Get Strings


S

Shapper

Hello,

On a application I need to obtain a few String values.

I have two distinct situations which I will describe:

1) In the case the Strings have only one version I am doing the following:

public static class RegexFactory {
public const String Password = @"^(\w|\-)*$";
public const String Username = @"^(\w|\-)*$";
} // RegexFactory

So I use it simply as follows: RegexFactory.Password();

Note: I am not sure if RegexFactory is a good name for this ...

Maybe RegexProvider?

And should I use Static Properties instead of Consts?

2) I have other situations where one String might have two values.

Consider I have an argument which affects which value of Password I will get.

If argument passed = A then return RegexFactory.Password returns "X".

If argument passed = B then return RegexFactory.Password returns "Y".

...

Basically, I need to have a "table" argument,field that does the association:

Password: A > X, B > Y, C > Z, ...

Username: A > 1, B > 2, C > 3, ...

Which approach would you use?

Note: Theses classes (Both 1 and 2) are used often in my application.

Thank You,

Miguel
 
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J

Jeff Johnson

IMHO, there is only the bareest
justification for restricting the format of the username. There is
absolutely no justification for restricting the format of the password, as
doing so can only reduce the strength of the security that the password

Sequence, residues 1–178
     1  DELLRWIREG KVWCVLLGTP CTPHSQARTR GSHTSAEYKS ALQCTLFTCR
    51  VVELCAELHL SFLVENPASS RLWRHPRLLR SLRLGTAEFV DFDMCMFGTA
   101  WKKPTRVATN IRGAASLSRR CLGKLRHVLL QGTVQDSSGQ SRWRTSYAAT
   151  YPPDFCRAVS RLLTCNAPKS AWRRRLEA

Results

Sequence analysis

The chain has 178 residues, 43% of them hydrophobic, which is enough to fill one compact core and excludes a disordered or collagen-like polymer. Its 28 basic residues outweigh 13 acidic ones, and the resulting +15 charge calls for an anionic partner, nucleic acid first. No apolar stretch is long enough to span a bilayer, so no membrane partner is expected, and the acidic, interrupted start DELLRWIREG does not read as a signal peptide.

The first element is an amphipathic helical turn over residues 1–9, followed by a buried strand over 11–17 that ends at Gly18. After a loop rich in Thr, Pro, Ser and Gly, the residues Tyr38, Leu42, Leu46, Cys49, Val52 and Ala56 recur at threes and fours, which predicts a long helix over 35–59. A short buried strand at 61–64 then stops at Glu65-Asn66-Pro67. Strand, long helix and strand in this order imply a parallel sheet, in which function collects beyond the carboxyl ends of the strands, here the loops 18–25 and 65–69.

provides.

The only exception would be if you are writing code that is simply
interfacing with someone else's poorly-designed code that imposes these
restrictions.

Please, oh please heed Peter's words, Miguel. Saying "passwords can only
contain the following characters" reeks of laziness or just plain stupidity
on the part of the programmer, barring the
interfacing-with-existing-crap-code exception.

This is just my own bigoted opinion, but I feel deep down that the reason
password character restrictions exist is because some idiot Web programmer
(pardon the redundancy) didn't understand his language well enough to be
able to handle "special" characters and just imposed a limitation, which
other (incapable-of-thinking-for-themselves) Web programmers just blindly
copied.
 
S

Shapper

I think the name of the class is much less important than the name of the

fields, which currently don't make sense. The strings are clearly not the

actual password or username themselves, so naming the fields "Password" and

"Username" is at the very least confusing.

I changed the name of the class to RegularExpression.

And the username field to ValidUsername.

I think it makes more sense.
Not in my opinion, no. What benefit do you think you would gain by doing

so?

Agree. But I wasn't sure ...
That said, I have a suspicion that these strings are being used to validate

the format of the username and password. IMHO, there is only the bareest

justification for restricting the format of the username. There is

absolutely no justification for restricting the format of the password, as

doing so can only reduce the strength of the security that the password